Simple shopping: the key to the mother lode

Supermarkets must personalise the shopping experience for busy mums if they want to ensure loyalty. By Steve Parker.

Supermarkets: nearly a quarter of mums surveyed go to more than one for their ‘main’ shop. Credit: Getty Images
Supermarkets: nearly a quarter of mums surveyed go to more than one for their ‘main’ shop. Credit: Getty Images

Last month, Tesco reported a slump in like-for-like sales of 4.6 per cent in the first half of the year, while underlying profit before tax, at £783 million, was down almost 47 per cent on the previous year. A challenging future lies ahead of what was once the biggest retailer in the country as customers seek lower prices, better quality and a more pleasant shopping experience.

Although Tesco is currently getting a battering, this is an industry-wide issue.

This spotlight on the changing supermarket shopper coincides with Starcom MediaVest Group’s new research, in partnership with Mumsnet, into mothers’ supermarket habits. Our aim was to understand their online and in-store behaviour to identify when supermarkets should target customers with media experiences.

To build new relationships and recapture former customers’ attention, supermarkets must look at who their main shopper is and how their behaviour is changing to deliver a personal experience that supports their lifestyle.

It is no mystery that mums are still the family’s main shopper, so supermarkets must consider how they engage with this group to ensure loyalty. Our study shows that supermarkets are not doing enough to connect with mothers and underlines the importance of a bespoke approach to communication, offering tailored media experiences across digital and traditional channels.

Supermarkets must look at who their main shopper is and how their behaviour is changing

For UK mums, modern life is busy. Our research shows that they shop at an average of three supermarkets a week and nearly a quarter go to more than one supermarket for their "main" shop. A third claim to have switched shops in the past six months – supermarkets need to compete on price and experience, creating differentiation to avoid shoppers switching.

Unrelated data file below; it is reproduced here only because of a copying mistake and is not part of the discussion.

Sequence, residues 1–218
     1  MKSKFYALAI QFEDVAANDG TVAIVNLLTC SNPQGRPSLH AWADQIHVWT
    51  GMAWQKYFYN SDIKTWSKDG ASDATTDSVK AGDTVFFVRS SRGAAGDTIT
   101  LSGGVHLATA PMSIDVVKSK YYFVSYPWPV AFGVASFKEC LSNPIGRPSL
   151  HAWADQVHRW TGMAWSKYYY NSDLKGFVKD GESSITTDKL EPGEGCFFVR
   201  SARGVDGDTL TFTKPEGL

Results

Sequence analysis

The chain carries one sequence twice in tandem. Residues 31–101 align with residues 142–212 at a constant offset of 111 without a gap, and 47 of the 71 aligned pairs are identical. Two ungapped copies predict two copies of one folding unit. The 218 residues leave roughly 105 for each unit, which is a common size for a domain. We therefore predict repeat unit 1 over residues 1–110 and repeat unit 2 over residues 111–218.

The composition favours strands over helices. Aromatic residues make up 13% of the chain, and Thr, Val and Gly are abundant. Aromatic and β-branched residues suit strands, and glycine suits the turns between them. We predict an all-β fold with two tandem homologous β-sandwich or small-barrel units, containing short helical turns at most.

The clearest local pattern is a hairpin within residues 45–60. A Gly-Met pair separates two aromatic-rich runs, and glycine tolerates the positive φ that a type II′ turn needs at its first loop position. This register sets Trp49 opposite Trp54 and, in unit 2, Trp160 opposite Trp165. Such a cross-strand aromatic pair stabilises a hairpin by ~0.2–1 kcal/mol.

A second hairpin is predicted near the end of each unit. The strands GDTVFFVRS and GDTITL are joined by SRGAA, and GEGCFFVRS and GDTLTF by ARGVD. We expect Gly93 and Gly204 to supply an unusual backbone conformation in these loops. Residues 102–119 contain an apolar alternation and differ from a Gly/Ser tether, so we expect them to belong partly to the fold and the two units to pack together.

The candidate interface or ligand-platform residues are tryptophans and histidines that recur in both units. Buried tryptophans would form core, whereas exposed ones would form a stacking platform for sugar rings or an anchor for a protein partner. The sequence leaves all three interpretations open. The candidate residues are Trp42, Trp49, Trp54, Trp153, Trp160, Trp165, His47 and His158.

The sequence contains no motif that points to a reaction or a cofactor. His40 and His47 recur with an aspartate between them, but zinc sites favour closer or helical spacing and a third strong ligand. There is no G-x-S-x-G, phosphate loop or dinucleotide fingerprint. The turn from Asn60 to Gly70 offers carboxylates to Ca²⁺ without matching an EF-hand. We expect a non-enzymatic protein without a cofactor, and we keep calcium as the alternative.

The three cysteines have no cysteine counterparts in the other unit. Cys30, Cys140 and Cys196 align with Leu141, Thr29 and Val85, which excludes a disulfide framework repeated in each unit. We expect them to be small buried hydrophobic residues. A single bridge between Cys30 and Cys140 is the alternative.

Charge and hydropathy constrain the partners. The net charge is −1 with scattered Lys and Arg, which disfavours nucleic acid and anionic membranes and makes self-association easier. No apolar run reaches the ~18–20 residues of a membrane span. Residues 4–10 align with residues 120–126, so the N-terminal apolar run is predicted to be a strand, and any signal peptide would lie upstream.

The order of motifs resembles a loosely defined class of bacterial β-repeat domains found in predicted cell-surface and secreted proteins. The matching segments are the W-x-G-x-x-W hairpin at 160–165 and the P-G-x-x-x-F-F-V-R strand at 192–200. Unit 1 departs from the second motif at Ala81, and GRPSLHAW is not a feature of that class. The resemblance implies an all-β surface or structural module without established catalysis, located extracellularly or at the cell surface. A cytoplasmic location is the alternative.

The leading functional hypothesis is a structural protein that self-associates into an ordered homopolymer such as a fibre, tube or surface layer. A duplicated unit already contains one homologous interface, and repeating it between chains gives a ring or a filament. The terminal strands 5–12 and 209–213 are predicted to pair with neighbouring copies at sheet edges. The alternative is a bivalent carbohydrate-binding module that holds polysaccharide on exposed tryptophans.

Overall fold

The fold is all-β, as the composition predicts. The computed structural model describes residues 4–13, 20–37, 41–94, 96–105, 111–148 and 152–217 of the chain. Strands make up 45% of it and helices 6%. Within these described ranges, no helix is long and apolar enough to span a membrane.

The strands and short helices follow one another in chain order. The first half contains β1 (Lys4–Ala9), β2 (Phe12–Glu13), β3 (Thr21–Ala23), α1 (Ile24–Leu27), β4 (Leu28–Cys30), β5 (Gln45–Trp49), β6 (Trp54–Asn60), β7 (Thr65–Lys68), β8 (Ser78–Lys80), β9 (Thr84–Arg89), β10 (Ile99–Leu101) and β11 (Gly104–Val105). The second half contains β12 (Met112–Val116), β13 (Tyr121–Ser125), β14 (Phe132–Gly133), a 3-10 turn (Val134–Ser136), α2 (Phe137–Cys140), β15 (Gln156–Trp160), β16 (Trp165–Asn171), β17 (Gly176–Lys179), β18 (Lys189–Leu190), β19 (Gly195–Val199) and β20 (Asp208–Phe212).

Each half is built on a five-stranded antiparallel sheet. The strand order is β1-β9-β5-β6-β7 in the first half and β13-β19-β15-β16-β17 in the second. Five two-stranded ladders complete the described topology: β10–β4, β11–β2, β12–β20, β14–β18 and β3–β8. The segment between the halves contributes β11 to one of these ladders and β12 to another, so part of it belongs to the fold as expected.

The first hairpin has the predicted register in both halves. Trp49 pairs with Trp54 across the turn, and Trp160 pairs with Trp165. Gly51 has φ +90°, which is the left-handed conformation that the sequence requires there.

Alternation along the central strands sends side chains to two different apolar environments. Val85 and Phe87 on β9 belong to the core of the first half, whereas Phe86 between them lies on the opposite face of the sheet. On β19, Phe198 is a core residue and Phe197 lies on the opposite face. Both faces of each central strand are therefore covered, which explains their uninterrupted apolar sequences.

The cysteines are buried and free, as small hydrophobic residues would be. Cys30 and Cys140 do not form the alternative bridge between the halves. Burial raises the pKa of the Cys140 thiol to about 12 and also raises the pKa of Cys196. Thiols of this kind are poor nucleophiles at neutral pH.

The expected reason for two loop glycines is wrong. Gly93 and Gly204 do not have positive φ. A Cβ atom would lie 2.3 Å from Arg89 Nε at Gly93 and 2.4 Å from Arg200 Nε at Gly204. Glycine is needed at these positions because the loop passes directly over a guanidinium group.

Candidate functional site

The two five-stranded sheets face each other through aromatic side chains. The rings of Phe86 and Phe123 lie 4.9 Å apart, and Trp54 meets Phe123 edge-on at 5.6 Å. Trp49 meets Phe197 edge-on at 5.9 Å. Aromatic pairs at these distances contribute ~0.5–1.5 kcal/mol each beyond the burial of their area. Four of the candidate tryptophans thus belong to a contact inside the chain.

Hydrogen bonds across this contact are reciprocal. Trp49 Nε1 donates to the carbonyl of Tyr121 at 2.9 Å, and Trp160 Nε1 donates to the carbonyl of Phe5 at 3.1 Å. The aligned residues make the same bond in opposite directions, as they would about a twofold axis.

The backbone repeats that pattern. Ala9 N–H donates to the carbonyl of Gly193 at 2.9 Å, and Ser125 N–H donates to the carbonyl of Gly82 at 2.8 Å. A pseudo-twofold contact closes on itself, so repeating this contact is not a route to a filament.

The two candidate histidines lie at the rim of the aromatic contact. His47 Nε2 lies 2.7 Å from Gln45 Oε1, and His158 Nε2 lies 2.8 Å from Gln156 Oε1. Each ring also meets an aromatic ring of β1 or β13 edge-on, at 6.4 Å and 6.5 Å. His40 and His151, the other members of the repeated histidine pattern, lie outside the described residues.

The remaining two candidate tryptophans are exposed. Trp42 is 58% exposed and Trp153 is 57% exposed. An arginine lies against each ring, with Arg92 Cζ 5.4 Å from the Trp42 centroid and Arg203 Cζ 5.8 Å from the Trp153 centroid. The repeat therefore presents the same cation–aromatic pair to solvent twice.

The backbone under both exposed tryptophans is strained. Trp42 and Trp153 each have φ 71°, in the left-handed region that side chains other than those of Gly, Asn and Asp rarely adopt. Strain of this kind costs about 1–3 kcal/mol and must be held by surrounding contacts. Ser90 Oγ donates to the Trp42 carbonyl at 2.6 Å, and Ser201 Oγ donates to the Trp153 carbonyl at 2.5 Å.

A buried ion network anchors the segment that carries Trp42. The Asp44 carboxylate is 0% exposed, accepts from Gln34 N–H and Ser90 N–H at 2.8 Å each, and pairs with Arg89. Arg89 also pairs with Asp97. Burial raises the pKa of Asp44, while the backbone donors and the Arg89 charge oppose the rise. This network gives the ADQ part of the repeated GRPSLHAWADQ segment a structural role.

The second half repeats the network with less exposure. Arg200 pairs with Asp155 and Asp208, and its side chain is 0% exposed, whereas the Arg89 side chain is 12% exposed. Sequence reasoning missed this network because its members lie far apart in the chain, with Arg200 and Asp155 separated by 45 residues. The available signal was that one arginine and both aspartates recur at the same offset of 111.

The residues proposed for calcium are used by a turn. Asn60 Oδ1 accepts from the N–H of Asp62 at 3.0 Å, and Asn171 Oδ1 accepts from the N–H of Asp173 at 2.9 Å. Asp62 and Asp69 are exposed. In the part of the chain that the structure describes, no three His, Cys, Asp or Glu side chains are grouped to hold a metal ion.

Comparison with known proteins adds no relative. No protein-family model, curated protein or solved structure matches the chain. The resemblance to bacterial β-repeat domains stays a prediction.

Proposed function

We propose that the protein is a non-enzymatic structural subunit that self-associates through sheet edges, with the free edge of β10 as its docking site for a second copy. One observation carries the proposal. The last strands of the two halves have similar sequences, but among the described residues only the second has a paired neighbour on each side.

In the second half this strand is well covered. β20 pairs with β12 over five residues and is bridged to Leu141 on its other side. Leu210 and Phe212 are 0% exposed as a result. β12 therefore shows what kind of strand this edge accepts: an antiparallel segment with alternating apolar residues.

Family influence is a big factor on what mothers buy and how they shop, and our findings highlight that supermarkets need to understand mums’ conversations with the family and the media sources they use.

The pace of change in consumer habits is challenging the relationship between consumers and brands, causing many business models to bend and break. This is driven by mobile technology, instant access to information and people being more connected to devices and each other.

Our study found that 76 per cent of mums are smartphone users. If supermarkets can accelerate the complementary use of traditional media planning and their digital content strategy, they can build a stronger sense of customer loyalty and influence mums’ shopping visits.

This change has created a shift in expectations of what technology can do to make things faster, easier and more productive, and also of how brands should behave to be more responsive and relevant.

Mums are looking for ease in their busy lives. They are also trying to feed hungry mouths with the best-quality produce at a reasonable price. Supermarkets can no longer depend on loyalty.

Instead, they must make sure that they are central to mums’ shopping repertoire and push messaging at every relevant touchpoint along their consumer journey.

Steve Parker is the co-chief executive at Starcom MediaVest Group

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